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The Largest Planet: Jupiter
     

The Largest Planet: Jupiter

by Nancy Loewen, Jeff Yesh (Illustrator), Jeff Yesh (Illustrator)
 

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From Earth, the spot on Jupiter looks like a small, red freckle. In fact, the spot is a huge storm as wide as two Earths! Explore the Great Red Spot and more in this book about Jupiter.

Overview

From Earth, the spot on Jupiter looks like a small, red freckle. In fact, the spot is a huge storm as wide as two Earths! Explore the Great Red Spot and more in this book about Jupiter.

Editorial Reviews

Children's Literature - Barbara L. Talcroft
With its large square pages and poster-bright pictures, the "Amazing Science: Planet" series is designed to have maximum visual appeal for young space explorers. It largely succeeds, presenting quite a bit of information about each planet in nine double-page spreads (liberally sprinkled with "Fun Facts" boxes) that show sizes, composition, surfaces, orbits, rotations, and something about each planet's exploration. Readers are introduced to mighty Jupiter through the name it shares with the king of Roman gods. Pictures and text explain Jupiter's brightness, its speedy rotation, its gassy composition, and its moving bands of clouds. While this huge planet is famous for its readily-visible red spot, readers will learn that Jupiter also has four large moons and about sixty smaller ones (an asteroid belt circles between Jupiter and Mars). Suggesting flat acrylic paintings, Yesh's illustrations are actually created through digital media. Though not realistic in style, their brilliant colors on dark backgrounds make them eye-catching, often glowing, and sometimes action-filled; especially striking here is an illustration of Jupiter's four large moons shown with Galileo, their discoverer. Loewen suggests a simple science/math project in which students draw overlapping circles to compare the diameters of the planets. Includes a glossary, a short bibliography of children's books about the planet, and a few more Jupiter facts, such as that its Great Red Spot was discovered in 1664. This lively series should be fun for budding astronomers; who knows, it might inspire some planetary poetry or astronomical art. Reviewer: Barbara L. Talcroft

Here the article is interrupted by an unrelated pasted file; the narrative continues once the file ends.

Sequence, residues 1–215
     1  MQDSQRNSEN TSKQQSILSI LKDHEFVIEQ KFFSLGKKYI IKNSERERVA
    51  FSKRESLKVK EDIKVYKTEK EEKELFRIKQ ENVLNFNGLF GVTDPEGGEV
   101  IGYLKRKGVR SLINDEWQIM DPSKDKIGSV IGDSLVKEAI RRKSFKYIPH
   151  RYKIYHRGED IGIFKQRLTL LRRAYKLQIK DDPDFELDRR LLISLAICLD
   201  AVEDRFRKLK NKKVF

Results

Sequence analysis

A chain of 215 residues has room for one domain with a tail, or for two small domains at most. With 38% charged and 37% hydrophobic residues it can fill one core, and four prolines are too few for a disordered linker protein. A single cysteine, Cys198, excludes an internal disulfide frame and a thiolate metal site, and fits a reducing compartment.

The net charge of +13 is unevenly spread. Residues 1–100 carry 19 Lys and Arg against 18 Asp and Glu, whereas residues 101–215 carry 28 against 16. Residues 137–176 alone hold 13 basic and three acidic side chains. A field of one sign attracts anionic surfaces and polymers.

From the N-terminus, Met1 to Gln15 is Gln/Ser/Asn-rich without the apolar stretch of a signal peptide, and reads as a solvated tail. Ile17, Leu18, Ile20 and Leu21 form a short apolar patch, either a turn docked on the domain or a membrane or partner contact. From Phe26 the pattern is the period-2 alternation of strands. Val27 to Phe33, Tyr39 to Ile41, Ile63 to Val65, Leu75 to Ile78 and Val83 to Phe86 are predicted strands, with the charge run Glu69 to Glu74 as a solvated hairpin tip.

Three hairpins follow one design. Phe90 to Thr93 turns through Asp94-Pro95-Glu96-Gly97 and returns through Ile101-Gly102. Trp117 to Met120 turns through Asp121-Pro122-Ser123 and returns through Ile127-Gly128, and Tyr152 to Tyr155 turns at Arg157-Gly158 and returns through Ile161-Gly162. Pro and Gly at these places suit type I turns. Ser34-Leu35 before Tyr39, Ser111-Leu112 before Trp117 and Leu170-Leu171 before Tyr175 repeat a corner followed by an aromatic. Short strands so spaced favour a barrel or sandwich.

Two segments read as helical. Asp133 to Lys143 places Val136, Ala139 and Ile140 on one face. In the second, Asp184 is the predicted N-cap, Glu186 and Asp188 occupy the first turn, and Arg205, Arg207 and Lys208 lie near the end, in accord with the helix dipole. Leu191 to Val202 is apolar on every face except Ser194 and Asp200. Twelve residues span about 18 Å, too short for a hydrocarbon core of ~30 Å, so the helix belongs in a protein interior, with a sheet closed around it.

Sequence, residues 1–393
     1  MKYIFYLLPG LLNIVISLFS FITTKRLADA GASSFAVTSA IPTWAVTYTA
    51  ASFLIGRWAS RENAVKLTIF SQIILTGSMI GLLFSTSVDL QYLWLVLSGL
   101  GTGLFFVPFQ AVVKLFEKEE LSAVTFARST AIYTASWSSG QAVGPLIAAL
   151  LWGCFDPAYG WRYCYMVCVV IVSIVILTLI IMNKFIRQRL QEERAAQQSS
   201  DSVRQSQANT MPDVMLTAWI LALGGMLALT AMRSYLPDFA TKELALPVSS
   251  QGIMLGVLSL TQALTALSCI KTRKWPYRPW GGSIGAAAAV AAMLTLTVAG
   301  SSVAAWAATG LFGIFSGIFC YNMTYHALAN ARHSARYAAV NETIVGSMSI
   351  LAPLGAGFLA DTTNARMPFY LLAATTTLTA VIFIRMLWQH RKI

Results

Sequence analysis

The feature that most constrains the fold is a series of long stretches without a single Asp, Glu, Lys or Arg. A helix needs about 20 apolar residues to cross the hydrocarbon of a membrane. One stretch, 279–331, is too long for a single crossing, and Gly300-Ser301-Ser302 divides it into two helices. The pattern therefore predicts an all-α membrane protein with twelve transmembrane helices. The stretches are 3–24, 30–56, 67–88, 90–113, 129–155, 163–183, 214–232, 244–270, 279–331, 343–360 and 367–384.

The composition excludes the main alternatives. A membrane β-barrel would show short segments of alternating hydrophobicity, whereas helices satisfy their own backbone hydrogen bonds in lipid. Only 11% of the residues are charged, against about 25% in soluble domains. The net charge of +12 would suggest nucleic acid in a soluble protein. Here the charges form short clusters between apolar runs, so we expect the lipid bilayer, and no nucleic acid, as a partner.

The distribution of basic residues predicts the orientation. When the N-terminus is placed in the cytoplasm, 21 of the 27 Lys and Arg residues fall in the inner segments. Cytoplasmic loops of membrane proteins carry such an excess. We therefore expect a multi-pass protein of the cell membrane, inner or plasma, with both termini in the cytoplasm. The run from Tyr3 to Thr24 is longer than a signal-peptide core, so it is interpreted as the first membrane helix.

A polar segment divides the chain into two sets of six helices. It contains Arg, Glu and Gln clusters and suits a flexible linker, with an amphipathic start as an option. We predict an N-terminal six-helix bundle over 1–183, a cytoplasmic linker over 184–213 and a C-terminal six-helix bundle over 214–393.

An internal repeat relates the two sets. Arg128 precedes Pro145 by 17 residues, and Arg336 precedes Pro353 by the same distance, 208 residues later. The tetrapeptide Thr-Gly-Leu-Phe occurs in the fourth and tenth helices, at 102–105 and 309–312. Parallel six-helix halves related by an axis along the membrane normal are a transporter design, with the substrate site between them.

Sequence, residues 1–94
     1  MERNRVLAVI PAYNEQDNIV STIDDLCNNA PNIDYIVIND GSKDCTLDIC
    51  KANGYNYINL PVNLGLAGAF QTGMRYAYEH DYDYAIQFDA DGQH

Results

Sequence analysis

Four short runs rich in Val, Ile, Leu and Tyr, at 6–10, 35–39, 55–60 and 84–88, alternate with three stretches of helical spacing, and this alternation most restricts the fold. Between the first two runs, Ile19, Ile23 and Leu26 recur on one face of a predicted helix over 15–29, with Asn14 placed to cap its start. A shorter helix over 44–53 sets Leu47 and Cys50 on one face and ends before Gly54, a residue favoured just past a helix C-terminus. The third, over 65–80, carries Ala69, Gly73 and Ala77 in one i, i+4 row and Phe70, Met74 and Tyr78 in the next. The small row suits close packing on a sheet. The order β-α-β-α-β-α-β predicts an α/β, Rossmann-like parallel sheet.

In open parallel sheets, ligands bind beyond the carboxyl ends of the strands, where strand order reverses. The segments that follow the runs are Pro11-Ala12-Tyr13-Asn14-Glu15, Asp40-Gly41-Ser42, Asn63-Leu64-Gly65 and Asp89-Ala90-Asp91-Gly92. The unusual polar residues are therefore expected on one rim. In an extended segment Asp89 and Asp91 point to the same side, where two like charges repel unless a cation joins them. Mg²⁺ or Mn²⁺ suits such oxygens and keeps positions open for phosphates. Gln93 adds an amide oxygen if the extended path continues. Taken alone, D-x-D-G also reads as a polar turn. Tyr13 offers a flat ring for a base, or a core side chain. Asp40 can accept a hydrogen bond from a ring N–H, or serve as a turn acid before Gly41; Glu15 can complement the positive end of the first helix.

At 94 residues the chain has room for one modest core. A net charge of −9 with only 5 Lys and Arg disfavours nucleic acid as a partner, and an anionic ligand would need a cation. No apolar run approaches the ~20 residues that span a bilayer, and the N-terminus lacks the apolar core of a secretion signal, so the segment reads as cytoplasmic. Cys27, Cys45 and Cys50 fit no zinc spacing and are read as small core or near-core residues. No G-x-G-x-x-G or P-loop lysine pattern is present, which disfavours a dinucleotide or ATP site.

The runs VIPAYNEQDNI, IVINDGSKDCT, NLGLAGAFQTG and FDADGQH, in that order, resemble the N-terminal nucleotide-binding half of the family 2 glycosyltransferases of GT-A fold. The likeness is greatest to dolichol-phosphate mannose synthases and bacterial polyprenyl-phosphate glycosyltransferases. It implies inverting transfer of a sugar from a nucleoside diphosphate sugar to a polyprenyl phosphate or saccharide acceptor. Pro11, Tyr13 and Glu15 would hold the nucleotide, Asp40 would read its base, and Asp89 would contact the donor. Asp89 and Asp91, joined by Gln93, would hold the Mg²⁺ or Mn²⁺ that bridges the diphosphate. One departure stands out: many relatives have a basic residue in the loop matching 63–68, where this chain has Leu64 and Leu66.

Product Details

ISBN-13:
9781404839618
Publisher:
Capstone Press
Publication date:
01/01/2008
Series:
Amazing Science: Planets Series
Pages:
24
Product dimensions:
10.00(w) x 10.00(h) x 0.09(d)
Age Range:
5 - 9 Years

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Meet the Author

Nancy Loewen has published many books for kids. She’s a two-time Minnesota Book Award finalist (Four to the Pole and The LAST Day of Kindergarten) and the recipient of a Distinguished Achievement Award from the Association of Educational Publishers (Writer’s Toolbox series). She holds an MFA from Hamline University in St. Paul. Nancy has two children and lives near Minneapolis. To learn more, visit www. nancyloewen.com.

Jeff Yesh is a freelance illustrator and graphic designer whose award-winning work has been featured in multiple children's books. As a freelance artist, he splits his time illustrating both fiction and non-fiction works enjoyed by all ages, in addition to designing material for a wide variety of clients in the advertising and sports industries. Born and raised in Indiana, Jeff graduated from Indiana State University with a Bachelor of Fine Arts in Graphic Design. Based in Carmel, Indiana, Jeff enjoys being active outdoors and spending time with his wife and two daughters.

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